Chapter 2: Dalnushka Bound

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Cramps tore through Jane's side; her chest ached with pain; her hair and clothes looked like an ice bucket challenge gone horribly wrong. The air chafed her lungs as she drew ragged breaths. Her boots squelched on the soggy earth.

The deepening twilight bathed the forest in shadow. Jane forced herself to keep going, under marsh vines, over logs, past a thrust of granite boulders that marked the edge of their campsite. Her feet pounded the earth as she ran—heart thudding, legs screaming in agony, shoes squishing over moss that lined the riverbank. Branches stung her face and arms.

Behind her, approaching footfalls told Jane that her stronger, leaner opponent was catching up to her. Jane reached into herself, grabbed for the first thing that came to mind—a concealment charm—and wrapped herself in its shroud. Then she darted left, in the direction opposite the river, slid through the trees, and went still.

Her pursuer's footsteps paused, and then resumed again. To Jane's dismay, she seemed unimpressed by Jane's attempt at throwing her off track. Her steps drew steadily closer.

Harnessing the last of her energy, Jane ducked beneath a fallen log and changed course, crashing away from the river and into the underbrush. But it was no use; her pursuer was too close, and Jane heard her change course to follow.

Desperately, Jane spun and hurled a ball of magefire at her pursuer. It missed the woman by inches. Jane scrabbled for the kladenet at her side, but her attacker's foot connected with her hand. A second later, the remaining air whooshed from her lungs as her pursuer knocked her to the ground by a well-placed blow to her sternum.

Jane closed her eyes and pressed her forehead to the damp leaves, chest heaving as she sucked in air.

"Well," said her pursuer cheerfully, "that wasn't quite as embarrassing as last time."

Shaking with adrenaline, Jane raised her head. General Nadja stood above her, smirking as she offered her pupil a hand. Unlike Jane, the General looked flawless. Her Rider's garb—practical cloth pants and a plain leather tunic with the Riders' insignia—hung in elegant folds down her stocky frame. Her spiky hair gleamed in the twilight. Somehow, she had dodged the lashing branches, and her face was free of scratches. The pursuit had barely made her break into a sweat.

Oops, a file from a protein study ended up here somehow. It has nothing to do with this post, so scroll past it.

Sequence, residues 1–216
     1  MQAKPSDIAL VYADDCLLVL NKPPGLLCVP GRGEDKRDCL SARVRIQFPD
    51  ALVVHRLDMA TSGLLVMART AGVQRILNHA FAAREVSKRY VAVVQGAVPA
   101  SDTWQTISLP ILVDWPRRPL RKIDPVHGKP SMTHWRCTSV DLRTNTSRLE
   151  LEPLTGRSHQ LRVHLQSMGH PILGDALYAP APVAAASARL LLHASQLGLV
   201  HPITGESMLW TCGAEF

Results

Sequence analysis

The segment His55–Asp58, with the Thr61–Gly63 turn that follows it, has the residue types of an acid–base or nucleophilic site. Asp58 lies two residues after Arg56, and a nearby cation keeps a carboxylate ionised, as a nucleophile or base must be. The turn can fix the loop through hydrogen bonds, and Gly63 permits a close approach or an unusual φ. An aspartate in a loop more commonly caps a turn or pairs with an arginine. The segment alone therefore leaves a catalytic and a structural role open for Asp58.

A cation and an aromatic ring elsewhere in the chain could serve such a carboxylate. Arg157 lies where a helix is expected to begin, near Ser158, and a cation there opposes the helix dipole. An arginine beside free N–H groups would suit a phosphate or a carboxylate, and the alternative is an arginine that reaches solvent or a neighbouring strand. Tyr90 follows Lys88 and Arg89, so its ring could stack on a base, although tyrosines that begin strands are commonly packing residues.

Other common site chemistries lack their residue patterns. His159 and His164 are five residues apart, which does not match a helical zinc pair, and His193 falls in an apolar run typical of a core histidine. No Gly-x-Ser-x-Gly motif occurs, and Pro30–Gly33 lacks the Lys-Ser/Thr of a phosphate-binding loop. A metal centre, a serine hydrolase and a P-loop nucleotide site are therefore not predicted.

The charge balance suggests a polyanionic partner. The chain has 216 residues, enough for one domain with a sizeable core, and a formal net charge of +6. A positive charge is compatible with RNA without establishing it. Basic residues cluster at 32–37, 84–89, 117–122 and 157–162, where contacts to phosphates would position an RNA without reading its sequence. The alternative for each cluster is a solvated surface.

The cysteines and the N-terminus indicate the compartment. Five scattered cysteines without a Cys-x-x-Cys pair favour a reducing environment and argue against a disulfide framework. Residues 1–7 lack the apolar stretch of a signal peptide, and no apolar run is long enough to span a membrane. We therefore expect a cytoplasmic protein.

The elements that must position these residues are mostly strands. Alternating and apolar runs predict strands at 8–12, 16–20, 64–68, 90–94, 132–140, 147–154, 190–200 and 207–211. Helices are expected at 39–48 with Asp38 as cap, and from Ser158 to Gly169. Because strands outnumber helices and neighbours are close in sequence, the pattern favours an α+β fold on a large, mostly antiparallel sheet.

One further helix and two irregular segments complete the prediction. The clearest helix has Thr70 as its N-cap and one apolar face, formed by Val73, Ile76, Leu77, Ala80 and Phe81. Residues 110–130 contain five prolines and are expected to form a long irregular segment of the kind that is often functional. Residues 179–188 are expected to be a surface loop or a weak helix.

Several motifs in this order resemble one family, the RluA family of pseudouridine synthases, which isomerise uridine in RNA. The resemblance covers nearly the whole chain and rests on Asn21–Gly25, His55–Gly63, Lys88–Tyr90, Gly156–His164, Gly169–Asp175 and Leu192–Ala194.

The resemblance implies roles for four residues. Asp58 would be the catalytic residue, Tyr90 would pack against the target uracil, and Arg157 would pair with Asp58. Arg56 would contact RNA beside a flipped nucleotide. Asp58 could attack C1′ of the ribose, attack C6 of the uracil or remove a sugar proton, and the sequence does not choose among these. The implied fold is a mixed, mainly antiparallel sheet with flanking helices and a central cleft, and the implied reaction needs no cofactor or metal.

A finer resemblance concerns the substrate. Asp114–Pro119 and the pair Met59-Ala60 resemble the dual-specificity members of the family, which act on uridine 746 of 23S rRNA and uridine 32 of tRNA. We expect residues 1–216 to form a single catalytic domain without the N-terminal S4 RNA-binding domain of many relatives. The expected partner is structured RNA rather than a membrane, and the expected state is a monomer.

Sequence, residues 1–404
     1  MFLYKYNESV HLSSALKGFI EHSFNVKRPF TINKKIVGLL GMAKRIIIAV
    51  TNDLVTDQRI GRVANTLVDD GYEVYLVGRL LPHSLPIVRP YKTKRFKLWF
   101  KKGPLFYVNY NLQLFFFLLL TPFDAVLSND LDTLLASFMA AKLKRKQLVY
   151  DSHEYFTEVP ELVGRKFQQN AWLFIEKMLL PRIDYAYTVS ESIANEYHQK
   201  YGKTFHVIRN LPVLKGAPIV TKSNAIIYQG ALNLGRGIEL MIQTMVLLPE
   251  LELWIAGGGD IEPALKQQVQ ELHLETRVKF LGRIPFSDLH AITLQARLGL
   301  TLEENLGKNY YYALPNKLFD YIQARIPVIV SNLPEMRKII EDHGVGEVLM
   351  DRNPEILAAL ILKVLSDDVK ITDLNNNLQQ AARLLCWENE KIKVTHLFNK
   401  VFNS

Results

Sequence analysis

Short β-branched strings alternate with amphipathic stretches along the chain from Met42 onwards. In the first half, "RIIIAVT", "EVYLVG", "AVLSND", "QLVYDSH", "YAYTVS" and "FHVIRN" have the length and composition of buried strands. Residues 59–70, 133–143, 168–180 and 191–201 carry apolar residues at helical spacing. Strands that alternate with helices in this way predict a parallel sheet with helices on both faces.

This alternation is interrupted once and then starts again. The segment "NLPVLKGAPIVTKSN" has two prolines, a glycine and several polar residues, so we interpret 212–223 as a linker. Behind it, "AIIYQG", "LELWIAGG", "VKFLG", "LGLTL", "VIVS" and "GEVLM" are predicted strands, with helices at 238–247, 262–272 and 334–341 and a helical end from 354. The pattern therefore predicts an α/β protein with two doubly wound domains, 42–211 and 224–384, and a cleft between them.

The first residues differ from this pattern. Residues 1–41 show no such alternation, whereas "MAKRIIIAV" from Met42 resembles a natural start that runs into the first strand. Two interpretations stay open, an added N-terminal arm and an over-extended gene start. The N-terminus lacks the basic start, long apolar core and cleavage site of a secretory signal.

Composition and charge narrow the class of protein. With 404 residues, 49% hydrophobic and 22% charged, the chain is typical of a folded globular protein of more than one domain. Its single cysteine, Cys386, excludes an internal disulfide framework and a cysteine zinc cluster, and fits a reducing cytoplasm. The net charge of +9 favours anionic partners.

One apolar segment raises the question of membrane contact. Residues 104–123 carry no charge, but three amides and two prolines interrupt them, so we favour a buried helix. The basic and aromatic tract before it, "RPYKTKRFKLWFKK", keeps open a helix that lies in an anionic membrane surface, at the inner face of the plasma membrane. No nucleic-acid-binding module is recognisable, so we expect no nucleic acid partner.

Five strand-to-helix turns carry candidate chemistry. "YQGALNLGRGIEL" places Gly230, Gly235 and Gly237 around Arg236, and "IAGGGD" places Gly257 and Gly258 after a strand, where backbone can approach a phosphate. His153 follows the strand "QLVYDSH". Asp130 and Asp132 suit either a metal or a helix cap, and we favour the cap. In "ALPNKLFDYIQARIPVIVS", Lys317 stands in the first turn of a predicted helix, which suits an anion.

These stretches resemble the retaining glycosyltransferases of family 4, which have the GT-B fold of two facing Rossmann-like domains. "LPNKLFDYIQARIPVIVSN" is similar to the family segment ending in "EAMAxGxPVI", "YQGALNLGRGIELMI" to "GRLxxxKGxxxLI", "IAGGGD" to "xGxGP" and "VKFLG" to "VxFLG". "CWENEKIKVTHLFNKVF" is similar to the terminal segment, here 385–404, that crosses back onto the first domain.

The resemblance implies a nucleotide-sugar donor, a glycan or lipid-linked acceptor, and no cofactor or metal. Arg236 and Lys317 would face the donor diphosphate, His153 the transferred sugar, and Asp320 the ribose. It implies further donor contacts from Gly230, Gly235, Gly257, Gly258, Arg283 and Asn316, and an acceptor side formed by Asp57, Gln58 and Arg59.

Jane closed her eyes again, ignoring Nadja's outstretched hand in favor of slumping to the ground. "You—huff—still—huff—caught me."

"Well, from what Olesya tells me, two months ago you would've collapsed after running a fraction of the distance. You're making progress! I'm sure the commander will be pleased when she gets back from scouting."

Decaying leaves and clots of dirt tumbled to the ground as Nadja pulled Jane to her feet. The general straightened Jane's rumpled tunic and shoved a flask of water at her face. Shakily, Jane grasped the canteen. The water tasted stale but fabulous against her parched throat.

"Come." Nadja tossed an arm around Jane's shoulders. "Let's eat before your legs stiffen up."

Jane's legs were already stiffening as she followed Nadja toward the campfire. The sweat was starting to dry, and the chilly evening air brought out goosebumps along her arms. The other Riders shot her hopeful or curious looks before turning back to their conversations. Jane tried to ignore them. She made a beeline for the log on which sat Drazan, Olesya's second-in-command.

"How'd you do?" asked Drazan.

"Horribly." Jane plopped down on the nearest log. "I'm starting to think I have some sort of mental block against holding a sword right."

"Your azdaja's been in a right state," said Drazan. "Coiling and hissing ever since you left. I think she thought Nadja was going to do you in."

"She's not fond of the basket." Jane swung the wicker top open and patted her lap. The winged snake looked up at her, scales glinting coppery in the firelight.

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